It is the position of the American Massage Therapy Association (AMTA) that massage can aid in pain relief. A summary of general research on massage therapy for pain to support this position is available (6). More extensive research citations on massage therapy for pain are found at the Samueli Institute Research Archives website (7). AMTA also provides an online course on massage therapy for OA (8).

FIND THE RIGHT MASSAGE THERAPIST Massage therapists work in a variety of settings and environments from spas to health clubs, from independent practices to hospitals. How to best find a massage therapist who can work with those who have arthritis? First, patients and other health care providers who want to refer their patients need to find massage therapists with experience in arthritis. Obviously, the severity of the patient’s arthritis will determine the necessary level of experience of the massage therapist and the extent of the involvement of other members of the integrative health care team. As is standard professional practice, the massage therapist should do a thorough intake interview to fully understand the extent of the patient’s arthritis and any other health issues. The American Massage Therapy Association provides a free online service to locate professional massage therapists throughout the country (9). The provider or the patient can search by zip code and select a local massage therapist based on his or her credentials and areas of expertise. It may be helpful to call several massage therapists and discuss the nature of the patient’s arthritis to determine their level of experience. The patient/client should also talk to the massage therapist about their health and wellness goals to customize a treatment plan that addresses their arthritis condition. Starting with a trusted resource will ensure that patients get the most out of massage therapy. ❏ Dolly Wallace is the President of the American Massage Therapy Association. A native of Muskegon, Michigan, she has had a local massage therapy practice for more than 25 years and works in collaboration with her husband at his chiropractic practice. References 1. 2. 3. 4. 5. 6. 7. 8. 9.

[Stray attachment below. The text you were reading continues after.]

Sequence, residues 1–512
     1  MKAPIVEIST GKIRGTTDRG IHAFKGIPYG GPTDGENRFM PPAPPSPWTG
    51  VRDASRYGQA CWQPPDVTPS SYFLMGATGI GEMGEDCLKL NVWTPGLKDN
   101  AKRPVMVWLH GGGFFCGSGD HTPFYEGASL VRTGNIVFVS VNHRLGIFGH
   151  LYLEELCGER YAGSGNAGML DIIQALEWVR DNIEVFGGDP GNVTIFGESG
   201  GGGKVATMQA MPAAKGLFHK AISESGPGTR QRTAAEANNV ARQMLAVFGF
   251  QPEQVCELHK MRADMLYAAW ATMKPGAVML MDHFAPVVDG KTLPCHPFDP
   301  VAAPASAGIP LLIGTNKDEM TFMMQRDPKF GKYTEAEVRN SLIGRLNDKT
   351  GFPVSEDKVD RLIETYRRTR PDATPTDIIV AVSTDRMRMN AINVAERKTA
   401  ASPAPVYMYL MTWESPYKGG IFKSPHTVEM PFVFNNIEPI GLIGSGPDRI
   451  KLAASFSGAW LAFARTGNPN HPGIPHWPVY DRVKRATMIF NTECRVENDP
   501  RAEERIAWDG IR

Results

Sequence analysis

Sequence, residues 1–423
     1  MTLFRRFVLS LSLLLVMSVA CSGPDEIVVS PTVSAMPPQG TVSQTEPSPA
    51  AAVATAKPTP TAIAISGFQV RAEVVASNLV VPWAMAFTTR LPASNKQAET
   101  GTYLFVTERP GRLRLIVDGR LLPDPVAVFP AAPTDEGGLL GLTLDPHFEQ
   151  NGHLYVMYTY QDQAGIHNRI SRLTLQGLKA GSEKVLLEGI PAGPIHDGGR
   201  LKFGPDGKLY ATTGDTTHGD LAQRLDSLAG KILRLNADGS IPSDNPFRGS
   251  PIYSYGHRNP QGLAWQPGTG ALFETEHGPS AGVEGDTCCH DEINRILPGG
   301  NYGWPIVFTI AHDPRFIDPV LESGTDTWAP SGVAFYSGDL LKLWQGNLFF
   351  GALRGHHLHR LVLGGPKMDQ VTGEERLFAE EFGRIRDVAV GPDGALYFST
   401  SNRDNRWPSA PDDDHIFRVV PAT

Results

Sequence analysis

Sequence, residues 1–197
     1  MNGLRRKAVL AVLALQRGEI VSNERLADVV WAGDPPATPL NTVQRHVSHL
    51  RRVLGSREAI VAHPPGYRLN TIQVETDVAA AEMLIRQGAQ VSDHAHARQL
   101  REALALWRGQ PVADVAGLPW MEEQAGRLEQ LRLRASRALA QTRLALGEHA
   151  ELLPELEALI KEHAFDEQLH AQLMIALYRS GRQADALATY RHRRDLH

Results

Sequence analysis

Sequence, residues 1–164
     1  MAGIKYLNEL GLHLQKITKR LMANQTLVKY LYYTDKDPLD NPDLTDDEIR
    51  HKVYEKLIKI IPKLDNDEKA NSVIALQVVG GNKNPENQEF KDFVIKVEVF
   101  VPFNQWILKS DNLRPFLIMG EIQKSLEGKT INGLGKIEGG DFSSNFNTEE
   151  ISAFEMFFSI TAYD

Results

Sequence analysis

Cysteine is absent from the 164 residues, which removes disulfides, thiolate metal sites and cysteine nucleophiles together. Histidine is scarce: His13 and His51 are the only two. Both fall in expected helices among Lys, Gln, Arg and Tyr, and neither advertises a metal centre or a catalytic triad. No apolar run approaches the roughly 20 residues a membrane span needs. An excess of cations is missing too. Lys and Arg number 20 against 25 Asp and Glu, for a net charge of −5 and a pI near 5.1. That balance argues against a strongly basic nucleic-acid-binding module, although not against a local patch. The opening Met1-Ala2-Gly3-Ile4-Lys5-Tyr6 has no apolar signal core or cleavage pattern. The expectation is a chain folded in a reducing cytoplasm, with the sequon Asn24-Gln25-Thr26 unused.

AMTA Consumer Surveys 2003-2016. American Massage Therapy Association 2016. Boyd C, Crawford C, Paat C, Price A, et al. The impact of massage therapy on function in pain populations: Part I. Pain Med. 2016;17:1353-1375. The Joint Commission. Clarification of the Pain Management Standard PC.01.02.07. Joint Commission Perspectives, 2014;34(11):11. Accessed March 6, 2017. Perlman AI, Sabina A, Williams AL, Njike VY, Katz DL. Massage therapy for osteoarthritis of the knee. Arch Intern Med. 2006;166(22):2533-2538. Field T, Diego M, Delgado J, Garcia D, Funk CG. Rheumatoid arthritis in upper limbs benefits from moderate pressure massage therapy. Complement Ther Clin Pract. 2013 May;19(2):101-103. American Massage Therapy Association. Massage can aid in pain relief. Accessed March 6, 2017. Samueli Institute. Research archives. Accessed March 6, 2017. American Massage Therapy Association. Massage Therapy for Osteoarthritis. learn. Accessed March 6, 2017. American Massage Therapy Association. Find a Massage Therapist. Accessed March 6, 2017.